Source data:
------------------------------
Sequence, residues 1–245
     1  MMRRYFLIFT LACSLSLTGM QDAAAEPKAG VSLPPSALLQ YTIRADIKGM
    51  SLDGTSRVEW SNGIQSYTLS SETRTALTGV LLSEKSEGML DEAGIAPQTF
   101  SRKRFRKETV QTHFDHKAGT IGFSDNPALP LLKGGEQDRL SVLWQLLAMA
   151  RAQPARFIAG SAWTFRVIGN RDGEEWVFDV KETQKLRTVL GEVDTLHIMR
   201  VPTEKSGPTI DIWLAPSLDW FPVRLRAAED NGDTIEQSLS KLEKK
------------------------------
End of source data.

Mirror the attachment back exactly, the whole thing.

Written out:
Sequence, residues 1–245
     1  MMRRYFLIFT LACSLSLTGM QDAAAEPKAG VSLPPSALLQ YTIRADIKGM
    51  SLDGTSRVEW SNGIQSYTLS SETRTALTGV LLSEKSEGML DEAGIAPQTF
   101  SRKRFRKETV QTHFDHKAGT IGFSDNPALP LLKGGEQDRL SVLWQLLAMA
   151  RAQPARFIAG SAWTFRVIGN RDGEEWVFDV KETQKLRTVL GEVDTLHIMR
   201  VPTEKSGPTI DIWLAPSLDW FPVRLRAAED NGDTIEQSLS KLEKK